Through the gate and behind the walls of the Government Home, the physical premises were not as dilapidated as I had feared. At least the building was not falling down. Nonetheless, it was a horrendous place to keep anyone, let alone children. Mosquitos were everywhere with not a screen or net in sight. In this country, that means a serious risk of malaria and dengue fever. The girls-inmates-victims don't even have a table to eat dinner on. Their beds were sheets of flat, rusted iron with some bedding rolled up on top. Their bedding, undoubtedly, is also infested with lice. I am told that the girls put a mixture of kerosene and coconut oil into their hair to try to control the lice. As I write this my head itches, but I think it's just psychosomatic.
They say that a doctor comes once a month to the Government Home, but we are sure he is a doctor only because we hear that he wears a stethoscope. But as far as I can tell this doctor is doing nothing for the girls. Apan joked that this guy just uses the stethoscope to check to see if the inmates still have a heart beat.
I had heard that the oldest 'girl' in the facility would be about 35 years old, but it turned out I was wrong. The oldest inmate, I’ll call her Joyce, is about 48 years old. She was placed in the home as a juvenile in 1967. That was the year I was born.
I was unprepared for one particular inmate of the Government Home: a little girl I’ll call Roupi. She was admitted to the Home by a surprising route: She was born there. Her mother is one of the inmates. She thought I was a “hoot” because of my white skin and the fact that I stand about 3 feet taller than everyone else. She kept pointing and laughing as she sat on the floor, trying to scrape the last scraps of food out of a cup and bowl in her lap.
To me, Roupi did not look old enough to go to kindergarten. I thought she was about 4 years old. But after I smiled at her and goofed a bit to make her laugh, I realized she seemed older somehow. Frankly, it took me a minute to process the picture. She had very short black hair, big eyes and a wide smile. She wore a dirty white tunic. But I began to suspect there was something physically wrong with her. She moved just a little too slowly. She seemed like she had difficulty with fine motor skills. I noticed her slow speech, her skinny and bowed legs, her slightly distended abdomen. It took just a few moments for me to see the obvious, horrible truth: Roupi has rickets. She is malnourished. She has been malnourished for a long time. She also may have some kind of brain damage. Then came an even more impossible realization: Roupi’s rickets are caused by malnourishment and lack of sunlight, because the Government Home for Girls is the only place she has ever lived.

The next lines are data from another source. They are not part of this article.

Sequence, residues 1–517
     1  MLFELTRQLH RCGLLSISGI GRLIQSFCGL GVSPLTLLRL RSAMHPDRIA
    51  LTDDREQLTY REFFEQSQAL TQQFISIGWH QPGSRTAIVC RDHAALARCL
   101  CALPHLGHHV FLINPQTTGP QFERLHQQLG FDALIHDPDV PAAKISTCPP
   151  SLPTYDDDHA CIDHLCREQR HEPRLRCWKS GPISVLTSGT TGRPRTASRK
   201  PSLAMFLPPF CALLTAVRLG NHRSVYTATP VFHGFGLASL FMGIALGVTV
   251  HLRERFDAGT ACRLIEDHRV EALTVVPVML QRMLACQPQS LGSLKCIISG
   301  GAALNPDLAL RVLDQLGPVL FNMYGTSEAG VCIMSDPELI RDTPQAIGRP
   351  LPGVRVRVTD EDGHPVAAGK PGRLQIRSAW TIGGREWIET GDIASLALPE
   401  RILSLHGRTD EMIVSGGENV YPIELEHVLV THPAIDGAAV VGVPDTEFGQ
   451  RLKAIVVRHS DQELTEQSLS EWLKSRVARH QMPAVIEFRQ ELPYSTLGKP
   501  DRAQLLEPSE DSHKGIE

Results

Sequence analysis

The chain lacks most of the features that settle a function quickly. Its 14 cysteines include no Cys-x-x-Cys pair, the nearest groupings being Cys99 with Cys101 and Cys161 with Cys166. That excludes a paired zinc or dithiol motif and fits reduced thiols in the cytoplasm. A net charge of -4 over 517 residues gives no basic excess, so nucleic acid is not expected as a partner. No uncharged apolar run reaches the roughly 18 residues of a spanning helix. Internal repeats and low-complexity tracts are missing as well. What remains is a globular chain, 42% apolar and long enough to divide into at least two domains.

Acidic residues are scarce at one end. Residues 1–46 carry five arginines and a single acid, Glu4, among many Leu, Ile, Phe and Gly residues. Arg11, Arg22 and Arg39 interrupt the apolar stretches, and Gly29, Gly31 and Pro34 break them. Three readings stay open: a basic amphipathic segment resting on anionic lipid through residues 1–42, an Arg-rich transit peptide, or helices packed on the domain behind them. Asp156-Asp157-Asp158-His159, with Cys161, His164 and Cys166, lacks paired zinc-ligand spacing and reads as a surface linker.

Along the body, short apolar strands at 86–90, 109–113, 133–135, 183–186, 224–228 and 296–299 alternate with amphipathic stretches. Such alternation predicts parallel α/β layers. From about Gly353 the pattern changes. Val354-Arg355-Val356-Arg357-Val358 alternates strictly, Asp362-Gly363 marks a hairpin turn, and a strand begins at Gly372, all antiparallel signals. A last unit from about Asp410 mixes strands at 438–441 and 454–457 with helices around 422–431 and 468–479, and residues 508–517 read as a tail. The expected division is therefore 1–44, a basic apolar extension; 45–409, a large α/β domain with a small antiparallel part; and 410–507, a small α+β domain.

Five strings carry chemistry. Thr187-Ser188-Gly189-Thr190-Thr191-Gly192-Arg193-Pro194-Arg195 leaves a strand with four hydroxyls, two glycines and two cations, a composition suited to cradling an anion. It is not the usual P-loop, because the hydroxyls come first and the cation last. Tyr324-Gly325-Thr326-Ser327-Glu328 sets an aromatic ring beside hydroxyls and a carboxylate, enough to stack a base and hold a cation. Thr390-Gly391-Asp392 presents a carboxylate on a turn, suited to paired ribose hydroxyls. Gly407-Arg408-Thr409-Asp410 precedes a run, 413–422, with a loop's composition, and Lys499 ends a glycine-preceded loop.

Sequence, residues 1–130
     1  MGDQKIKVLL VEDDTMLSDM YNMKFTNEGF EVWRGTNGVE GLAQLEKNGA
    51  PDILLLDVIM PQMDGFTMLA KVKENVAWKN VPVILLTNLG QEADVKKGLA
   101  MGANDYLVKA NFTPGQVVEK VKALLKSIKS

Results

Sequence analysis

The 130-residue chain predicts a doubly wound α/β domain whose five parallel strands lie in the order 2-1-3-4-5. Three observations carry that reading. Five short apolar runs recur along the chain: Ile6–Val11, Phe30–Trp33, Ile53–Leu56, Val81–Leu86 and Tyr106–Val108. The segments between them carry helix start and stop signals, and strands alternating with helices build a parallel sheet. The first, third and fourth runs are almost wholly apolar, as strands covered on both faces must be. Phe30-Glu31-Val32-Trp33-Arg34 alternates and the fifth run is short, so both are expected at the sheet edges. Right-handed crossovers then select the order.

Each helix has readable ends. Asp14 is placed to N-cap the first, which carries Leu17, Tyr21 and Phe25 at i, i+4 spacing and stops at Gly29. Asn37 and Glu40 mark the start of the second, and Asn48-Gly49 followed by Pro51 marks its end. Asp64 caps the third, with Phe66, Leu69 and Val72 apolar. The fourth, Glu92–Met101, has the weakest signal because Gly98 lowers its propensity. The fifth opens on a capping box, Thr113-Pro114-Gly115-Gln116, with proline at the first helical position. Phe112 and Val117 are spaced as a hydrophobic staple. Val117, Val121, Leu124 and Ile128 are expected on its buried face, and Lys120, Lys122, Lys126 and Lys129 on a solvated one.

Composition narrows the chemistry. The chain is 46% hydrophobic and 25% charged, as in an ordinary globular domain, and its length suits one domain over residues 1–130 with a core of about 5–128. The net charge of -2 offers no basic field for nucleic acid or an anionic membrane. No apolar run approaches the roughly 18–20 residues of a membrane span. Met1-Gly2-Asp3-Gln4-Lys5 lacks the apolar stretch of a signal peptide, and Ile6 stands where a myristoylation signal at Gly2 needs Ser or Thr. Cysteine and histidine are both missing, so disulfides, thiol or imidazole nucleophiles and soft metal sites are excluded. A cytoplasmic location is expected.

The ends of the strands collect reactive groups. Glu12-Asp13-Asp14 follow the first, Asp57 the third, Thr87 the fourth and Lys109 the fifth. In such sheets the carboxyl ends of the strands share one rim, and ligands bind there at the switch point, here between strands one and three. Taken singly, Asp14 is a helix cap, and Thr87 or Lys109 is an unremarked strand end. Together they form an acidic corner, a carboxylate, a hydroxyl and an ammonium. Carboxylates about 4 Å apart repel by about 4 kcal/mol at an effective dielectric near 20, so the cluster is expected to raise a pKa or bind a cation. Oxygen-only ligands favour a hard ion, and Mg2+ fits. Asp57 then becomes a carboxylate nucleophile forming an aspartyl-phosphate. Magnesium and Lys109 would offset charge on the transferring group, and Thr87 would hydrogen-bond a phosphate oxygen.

Roupi smiled at me and laughed as sweetly as you could imagine, pointing and laughing while I aped for her. She loved how I pretended to be so surprised that anyone would find my appearance so amusing. I really wanted to pick her up. She would have loved it, but I did not want to catch lice. Now, back at Anya’s office, I really wish I had.
Bringing in Supplies
So, Anya’s organization has decided they are bringing supplies to the Government Home, to try to improve conditions. They will be taking fire extinguishers, lice treatments, tables and chairs, and lots of other things. Really it’s the government’s job to do this kind of thing but, obviously, the system is seriously broken. Anya’s group is also going to send people to the home on a regular basis to provide services, like trauma counseling and education. This seems wise. Sending supplies is useless unless someone goes along to make sure it actually reaches the people for whom it is intended.
A long time ago when I was a boy, my Dad told me that sometimes you see situations where you either have to laugh or cry. I found myself doing both. Laughing with disbelief at these conditions, and shedding tears of sadness for the souls in that place. Meanwhile, the events of the day have reinforced a growing suspicion on my part.
The real problem here is not poverty. The problem is the absence of love for these survivors.